the Apostles and seventy disciples of our Lord, who were sent forth by two and two. As the witnesses are represented as “ two olive-trees and two candle“ sticks," some commentators consider them as symbolizing churches. But, whether we view them as individuals or as Christian churches, the spirit and meaning of the prophecy will be much the same. All real Christians, as well as particular churches, who boldly profess their religion, may be considered as uniting in this testimony; although ministers and other bold, zealous, and pious men, who attempted reformation, may be more particularly intended. The glorious angel, even the Lord Jesus, who commanded the Apostle to measure the temple, declared that he would give them power or authority to prophesy, or publish his truth, during the assigned period of twelve hundred and sixty years. They were, however, to prophesy in sackcloth, on account of their persecuted and afflicted state, and in token of their deep concern for the abominations against which they protested. It has been shewn by many writers, that, during the darkest ages of Popery, men were raised up who bore a decided testimony against the prevailing corruptions of the Roman church, and for the leading doctrines of the Gospel. The idolatrous devotion to the papal hierarchy, and the worship of images, did not universally prevail till the beginning of the tenth century. Till that time, many of the churches in communion with Rome possessed the Scriptures in the vulgar tongue. With such a light, therefore, we may conclude, notwithstanding the ignorance and rapid strides of Popery, that some faithful witnesses continued even in Babylon itself. If we look at other churches, we shall find there were those who evidently held and openly professed the great doctrines of salvation through the merits and grace of Christ, and who constantly opposed the corruptions of the papal Antichrist. The English church was renowned for its piety during the first centuries of the general apostacy. The doctrines of the Gospel were here preached from the earliest times, till some years after the death of the Venerable Bede. England, therefore, furnished witnesses from the commencement of the apostacy till about the year 800; and probably a century longer, till the death of Alfred the Great. The famous Claude, Bishop of Turin, preached the doctrine of Christ in great purity, and testified against the errors of the papacy in the beginning of the ninth century; and Roman Catholic writers admit that the valleys of Piedmont, which were included in his diocese, preserved his opinions through the whole of that and the next century. The word of God was also faithfully taught in the congregations of the Cathari, or Puritans, who were numerous in Cologne, in Flanders, the south of France, Savoy, and Milan, in the eleventh and twelfth centuries. Many thousand Catholics, of each sex and every age, embraced their doctrines; and, notwithstanding the persecutions they suffered in the south of France, “ the invincible « spirit they had kindled," says the infidel and insidious historian, “ lived and breathed in the western “ world. In the state, in the church, and even in “ the cloister, a latent succession was preserved of “ the disciples of St. Paul, who protested against the “ tyranny of Rome, embraced the Bible as the rule “ of faith, and purified their creed from all the vi“sions of the Gnostic theology."- (Gibbon.) Such is the testimony of the admired historian, who so frequently, though unwittingly, illustrates the prophecies which he affected to disbelieve. The Vallenses (Valdenses) or Vaudois, who derived their name from the valleys in which they resided, had retreated to the valleys of Piedmont, so early as the seventh century, there to profess and exercise a purer religion than was permitted them elsewhere. Here, therefore, the witnesses appeared in the early part of the predicted period. They were afterwards

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called Albigenses, from the town of Albi, in the south of France, where many of them resided; and subsequently Waldenses, from Peter Waldo, by whose zeal the doctrines of these witnesses were widely circulated. The Waldenses (as we shall now call them) flourished especially during the twelfth, thirteenth, and fourteenth centuries; and, according to the testimony of Rheinerus Sacco, the Dominican inquisitor, they had existed more than five hundred years previously to the middle of the thirteenth century. This carries back their existence at least to the middle of the eighth century. Their lives were generally exemplary, as the Papists themselves have allowed. They were evidently (to speak in modern language) moderate Calvinists. They were eminent witnesses for Christ, but they truly prophesied in sackloth, for their persecutions were tremendously great. In France alone, a million of them have been computed to have been slain for the sole crime of protesting against the tyranny of the Pope, and the corruptions of the church of Rome. But, so true is it that the blood of the martyrs is the seed of the Church, that, in the year 1530, it is said there were in Europe 800,000 who professed the doctrine of the Waldenses. Connected with them, and agreeing with their leading doctrines, the Lollards and Wickliffites arose in England, in the fourteenth century. About the same time the witnesses were flourishing in Bohemia, where arose John Huss and Jerome of Prague, who were cruelly and perfidiously burned in the fifteenth century by the council of Constance. Multitudes embraced the doctrines of the Gospel in many places during these times, and professed or preached it, at the hazard of their lives; and great numbers were in consequence burned, or put to death in some other cruel manner. At length Luther arose, and was soon followed by a constellation of other worthies, Melancthon, Calvin, Zuinglius, Bucer, Cranmer, Beza, and a host of other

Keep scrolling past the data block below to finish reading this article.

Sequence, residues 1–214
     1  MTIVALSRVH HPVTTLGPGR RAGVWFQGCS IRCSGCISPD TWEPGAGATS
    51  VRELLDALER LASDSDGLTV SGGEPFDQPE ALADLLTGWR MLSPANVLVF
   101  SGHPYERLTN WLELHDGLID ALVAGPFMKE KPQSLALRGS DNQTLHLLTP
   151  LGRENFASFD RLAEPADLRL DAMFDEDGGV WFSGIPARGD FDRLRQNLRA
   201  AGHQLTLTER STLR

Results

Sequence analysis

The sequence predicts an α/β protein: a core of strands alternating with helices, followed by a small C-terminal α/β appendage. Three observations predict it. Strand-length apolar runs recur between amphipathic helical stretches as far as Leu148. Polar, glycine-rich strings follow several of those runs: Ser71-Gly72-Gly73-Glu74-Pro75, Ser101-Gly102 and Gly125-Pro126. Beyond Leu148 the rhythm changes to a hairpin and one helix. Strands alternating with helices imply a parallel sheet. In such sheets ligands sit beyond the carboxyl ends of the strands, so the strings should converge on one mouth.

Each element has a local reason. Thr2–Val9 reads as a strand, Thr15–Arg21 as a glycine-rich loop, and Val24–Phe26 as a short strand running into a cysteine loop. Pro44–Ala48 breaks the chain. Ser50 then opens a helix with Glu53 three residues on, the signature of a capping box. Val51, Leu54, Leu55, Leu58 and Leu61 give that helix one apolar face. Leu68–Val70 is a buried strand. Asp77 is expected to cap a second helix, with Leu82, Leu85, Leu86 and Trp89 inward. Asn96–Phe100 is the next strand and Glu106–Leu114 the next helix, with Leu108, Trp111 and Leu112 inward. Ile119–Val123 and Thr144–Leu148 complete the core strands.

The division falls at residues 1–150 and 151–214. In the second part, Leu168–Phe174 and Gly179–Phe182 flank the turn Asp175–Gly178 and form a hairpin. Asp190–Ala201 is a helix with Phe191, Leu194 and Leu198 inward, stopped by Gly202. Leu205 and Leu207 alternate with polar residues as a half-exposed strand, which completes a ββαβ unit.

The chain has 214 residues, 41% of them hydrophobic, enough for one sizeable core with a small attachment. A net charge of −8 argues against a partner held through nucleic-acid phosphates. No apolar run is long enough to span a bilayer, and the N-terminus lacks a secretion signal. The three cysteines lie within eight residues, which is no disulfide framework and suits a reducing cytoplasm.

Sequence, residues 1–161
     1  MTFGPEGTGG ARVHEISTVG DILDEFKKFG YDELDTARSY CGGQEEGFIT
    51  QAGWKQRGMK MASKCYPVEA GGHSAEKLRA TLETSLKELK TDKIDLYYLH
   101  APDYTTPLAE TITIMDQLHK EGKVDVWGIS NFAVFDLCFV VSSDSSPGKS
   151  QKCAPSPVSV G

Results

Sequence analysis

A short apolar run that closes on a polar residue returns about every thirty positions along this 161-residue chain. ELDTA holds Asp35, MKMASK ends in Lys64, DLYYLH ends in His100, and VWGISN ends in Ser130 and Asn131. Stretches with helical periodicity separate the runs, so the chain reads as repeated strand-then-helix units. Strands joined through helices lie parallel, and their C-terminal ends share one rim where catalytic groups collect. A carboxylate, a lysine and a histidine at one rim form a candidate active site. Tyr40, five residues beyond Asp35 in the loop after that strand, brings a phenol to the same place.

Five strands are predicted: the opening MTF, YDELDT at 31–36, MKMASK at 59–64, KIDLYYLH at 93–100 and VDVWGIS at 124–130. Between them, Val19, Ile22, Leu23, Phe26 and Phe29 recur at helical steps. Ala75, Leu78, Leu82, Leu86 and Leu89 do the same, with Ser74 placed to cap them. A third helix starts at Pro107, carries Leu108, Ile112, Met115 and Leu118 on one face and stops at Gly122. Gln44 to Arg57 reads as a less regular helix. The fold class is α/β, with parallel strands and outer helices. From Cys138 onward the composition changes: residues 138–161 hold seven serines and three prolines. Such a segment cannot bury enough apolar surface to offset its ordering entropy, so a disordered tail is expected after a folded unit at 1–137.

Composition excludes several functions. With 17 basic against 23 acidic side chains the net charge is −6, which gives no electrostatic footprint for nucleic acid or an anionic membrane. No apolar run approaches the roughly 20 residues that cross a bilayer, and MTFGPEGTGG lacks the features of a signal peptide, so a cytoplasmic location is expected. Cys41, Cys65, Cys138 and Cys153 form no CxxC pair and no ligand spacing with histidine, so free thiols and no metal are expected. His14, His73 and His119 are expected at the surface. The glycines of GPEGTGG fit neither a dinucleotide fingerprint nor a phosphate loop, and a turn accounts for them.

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names dearly estimated by Protestants; and the glorious Reformation took place. Since that period, the same testimony for the truth of Christ, and against the errors of Antichrist, has been maintained. Nor is the term yet expired: the twelve hundred and sixty years are not terminated ; and, therefore, the witnesses are yet prophesying. Blessed be God, they are not at present exposed to such horrible persecutions as informer times, but they still have reason to prophesy in sackcloth, on account of the state of religion even in Protestant countries; and, perhaps, before the predicted period receives its accomplishment, the same or similar scenes may be acted over again for a short season, for the purpose of purifying the church. But should this be the case (respecting which more will be said presently), the conflict, however severe, will most assuredly be short.The two witnesses, however hated, despised, and persecuted, are, in reality, the two olive-trees (alluding, probably, to Zech. iv. 11-14) receiving abundant supplies of the Holy Spirit, and endued with spiritual gifts and graces, that through their instrumentality others likewise might receive the unction from the Holy One. They are also the two candlesticks, holding forth the light of truth to a world involved in spiritual darkness, and standing to minister with acceptance before the “ God of the earth," the proprietor and governor of all mankind.. . 3. It is said, moreover, respecting these witnesses, that “ if any man will hurt them, fire proceedeth “ out of their mouth, and devoureth their enemies ; " and if any man will hurt them, he must in this “manner be killed.” In scriptural language, the prophets are often said to do those things which they denounce. The meaning of this prophetic denunciation seems to be, that if any should reject their testimony, and be enraged by it, so as to attempt to injure them, they should be exposed to the divine judgments: the Almighty would plead and avenge